The Intersection of Autism & Cerebral Palsy

Being autistic and having cerebral palsy can be challenging to diagnose and Ciara discusses how the DSM-5 fails to include ASD people with cerebral palsy
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Created by deafciara

Published on Apr 25, 2024
two gradient circles overlapping one says "Cerebral Palsy" and the other "ASD"


It has been four years since I was diagnosed with autism, and since then, I have been actively engaging with the autism community. However, I have noticed a lack of discussion about autism within the cerebral palsy community, which is concerning.

Recent studies have indicated that there could be a 7% overlap of children with both cerebral palsy and autism. However, I believe this figure may be much higher, possibly as high as 30%, due to the similar symptoms shared by both conditions.

Reflecting on my childhood, my mother recognized early signs of autism, but healthcare professionals were uncertain whether my traits stemmed from cerebral palsy or autism. It wasn't until a later assessment in primary school which revealed the complexity of my symptoms, including aspects of both autism and ADHD. However, this uncertainty left me without a definitive diagnosis.

In hindsight, it's evident that I am autistic and that an earlier diagnosis would have been beneficial. However, the lack of comprehensive research into the co-occurrence of autism and cerebral palsy posed challenges in identification and support for individuals like myself.

Look into DSM-5

It is worth exploring why the typical traits of autism as outlined in the DSM-5 may not be a straightforward fit for a diagnosis of both cerebral palsy and autism.

One of the key features of autism is difficulty in social communication. However, individuals with cerebral palsy may also experience communication challenges due to motor impairments. Approximately 80% of people with cerebral palsy have speech difficulties, and some may be nonverbal. It is essential to consider non-traditional communication methods, such as AAC devices or gestural communication, particularly for those with cerebral palsy. While social communication difficulties are commonplace in autism, in the context of cerebral palsy and autism co-occurrence, these challenges may be influenced by motor limitations and require special considerations.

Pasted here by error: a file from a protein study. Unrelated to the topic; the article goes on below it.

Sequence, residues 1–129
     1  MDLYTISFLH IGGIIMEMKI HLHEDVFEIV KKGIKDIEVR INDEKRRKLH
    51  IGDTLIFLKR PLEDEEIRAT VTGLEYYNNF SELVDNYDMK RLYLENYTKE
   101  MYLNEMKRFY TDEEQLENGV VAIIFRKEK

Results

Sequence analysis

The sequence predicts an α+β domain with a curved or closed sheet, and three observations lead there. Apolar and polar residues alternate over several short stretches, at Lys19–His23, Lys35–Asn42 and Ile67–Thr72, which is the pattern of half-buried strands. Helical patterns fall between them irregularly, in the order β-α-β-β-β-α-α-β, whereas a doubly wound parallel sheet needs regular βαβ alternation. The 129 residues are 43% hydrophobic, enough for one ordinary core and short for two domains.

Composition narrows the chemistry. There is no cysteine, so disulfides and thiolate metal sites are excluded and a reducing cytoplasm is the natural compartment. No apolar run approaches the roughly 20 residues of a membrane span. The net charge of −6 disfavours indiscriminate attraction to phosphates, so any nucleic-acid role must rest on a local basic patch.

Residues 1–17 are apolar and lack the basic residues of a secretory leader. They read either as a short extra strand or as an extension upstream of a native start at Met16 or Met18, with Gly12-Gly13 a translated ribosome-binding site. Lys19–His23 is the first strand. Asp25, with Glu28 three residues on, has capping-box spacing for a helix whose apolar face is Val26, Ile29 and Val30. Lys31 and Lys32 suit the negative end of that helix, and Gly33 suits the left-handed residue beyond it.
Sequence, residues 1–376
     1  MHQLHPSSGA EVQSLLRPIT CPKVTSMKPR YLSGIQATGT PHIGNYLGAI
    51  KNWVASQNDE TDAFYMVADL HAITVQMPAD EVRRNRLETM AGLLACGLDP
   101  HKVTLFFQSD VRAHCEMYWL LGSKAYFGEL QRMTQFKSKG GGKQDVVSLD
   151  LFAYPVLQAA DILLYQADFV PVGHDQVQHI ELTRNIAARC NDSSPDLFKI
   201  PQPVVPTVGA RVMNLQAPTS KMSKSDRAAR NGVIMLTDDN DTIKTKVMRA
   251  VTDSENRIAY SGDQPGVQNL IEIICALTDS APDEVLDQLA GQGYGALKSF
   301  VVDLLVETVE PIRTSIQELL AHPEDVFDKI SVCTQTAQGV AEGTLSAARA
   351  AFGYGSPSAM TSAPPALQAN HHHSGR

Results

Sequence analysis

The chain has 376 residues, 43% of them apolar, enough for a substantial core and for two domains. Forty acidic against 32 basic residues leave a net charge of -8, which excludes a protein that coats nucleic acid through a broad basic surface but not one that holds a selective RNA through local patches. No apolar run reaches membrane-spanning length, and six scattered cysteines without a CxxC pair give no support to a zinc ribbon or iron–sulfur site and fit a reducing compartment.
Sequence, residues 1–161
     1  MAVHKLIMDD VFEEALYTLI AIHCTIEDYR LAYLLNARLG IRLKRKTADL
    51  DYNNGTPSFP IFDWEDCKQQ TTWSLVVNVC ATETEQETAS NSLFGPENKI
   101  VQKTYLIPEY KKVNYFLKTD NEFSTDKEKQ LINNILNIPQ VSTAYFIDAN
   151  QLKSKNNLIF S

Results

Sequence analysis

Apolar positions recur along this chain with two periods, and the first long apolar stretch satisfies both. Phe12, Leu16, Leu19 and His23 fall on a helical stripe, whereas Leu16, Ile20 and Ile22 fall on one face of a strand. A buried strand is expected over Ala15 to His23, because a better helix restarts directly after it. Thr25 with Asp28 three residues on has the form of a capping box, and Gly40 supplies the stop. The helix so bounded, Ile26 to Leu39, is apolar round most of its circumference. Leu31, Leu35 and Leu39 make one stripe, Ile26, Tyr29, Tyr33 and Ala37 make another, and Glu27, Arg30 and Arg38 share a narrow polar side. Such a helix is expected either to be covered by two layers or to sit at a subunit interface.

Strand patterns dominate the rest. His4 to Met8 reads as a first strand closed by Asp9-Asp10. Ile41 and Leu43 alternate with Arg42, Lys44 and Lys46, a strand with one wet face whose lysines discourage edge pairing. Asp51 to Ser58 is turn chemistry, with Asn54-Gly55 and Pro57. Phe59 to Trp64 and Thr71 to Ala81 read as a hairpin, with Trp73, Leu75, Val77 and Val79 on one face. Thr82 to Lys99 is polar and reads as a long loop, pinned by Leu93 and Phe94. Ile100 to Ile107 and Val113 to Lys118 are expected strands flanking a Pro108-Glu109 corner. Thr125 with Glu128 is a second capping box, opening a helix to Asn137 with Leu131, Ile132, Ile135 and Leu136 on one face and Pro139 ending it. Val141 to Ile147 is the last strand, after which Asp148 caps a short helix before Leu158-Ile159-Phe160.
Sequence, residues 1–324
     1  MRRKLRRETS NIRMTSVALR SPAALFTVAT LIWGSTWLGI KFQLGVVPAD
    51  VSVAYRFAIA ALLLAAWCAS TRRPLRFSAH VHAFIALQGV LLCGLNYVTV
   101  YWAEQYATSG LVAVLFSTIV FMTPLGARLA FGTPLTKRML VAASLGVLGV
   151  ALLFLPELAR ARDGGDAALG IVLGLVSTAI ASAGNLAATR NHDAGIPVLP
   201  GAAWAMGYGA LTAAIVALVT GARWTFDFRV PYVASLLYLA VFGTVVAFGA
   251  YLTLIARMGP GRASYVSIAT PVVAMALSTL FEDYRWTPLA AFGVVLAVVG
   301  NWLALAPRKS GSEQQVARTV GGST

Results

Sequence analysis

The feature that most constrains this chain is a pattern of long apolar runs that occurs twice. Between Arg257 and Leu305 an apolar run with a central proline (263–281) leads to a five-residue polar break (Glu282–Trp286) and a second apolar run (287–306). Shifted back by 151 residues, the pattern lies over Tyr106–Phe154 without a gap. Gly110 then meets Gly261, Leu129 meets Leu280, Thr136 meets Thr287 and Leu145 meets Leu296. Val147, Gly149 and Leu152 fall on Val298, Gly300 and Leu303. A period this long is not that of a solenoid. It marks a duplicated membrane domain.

The DSM-5 describes restricted, repetitive, and sensory behaviours in individuals with autism, but these behaviours may not align directly with those observed in cerebral palsy. Although people with cerebral palsy may have unique behaviours and interests, they typically do not exhibit the repetitive patterns seen in autism. Repetitive behaviours in autism usually involve specific movements, rigid routines, or intense focus on particular topics - distinct from the motor impairments associated with cerebral palsy. Therefore, while individuals with cerebral palsy may show unique traits, they typically do not display the specific repetitive behaviours and interests outlined in the DSM-5 criteria for autism.

To improve the diagnosis of autism, we need to raise awareness, provide comprehensive assessments, implement early screening and intervention, offer tailored support services, foster collaboration among healthcare providers, and invest in research and innovation to enhance accuracy, particularly for individuals with co-occurring conditions like cerebral palsy.

It was challenging to diagnose me with autism when I was younger. Still, I now fit more into the "typical" presentation of autism with behaviours such as avoiding eye contact and having special interests. We need to strive for a better system that supports people with ASD and cerebral palsy so that they can be supported earlier.


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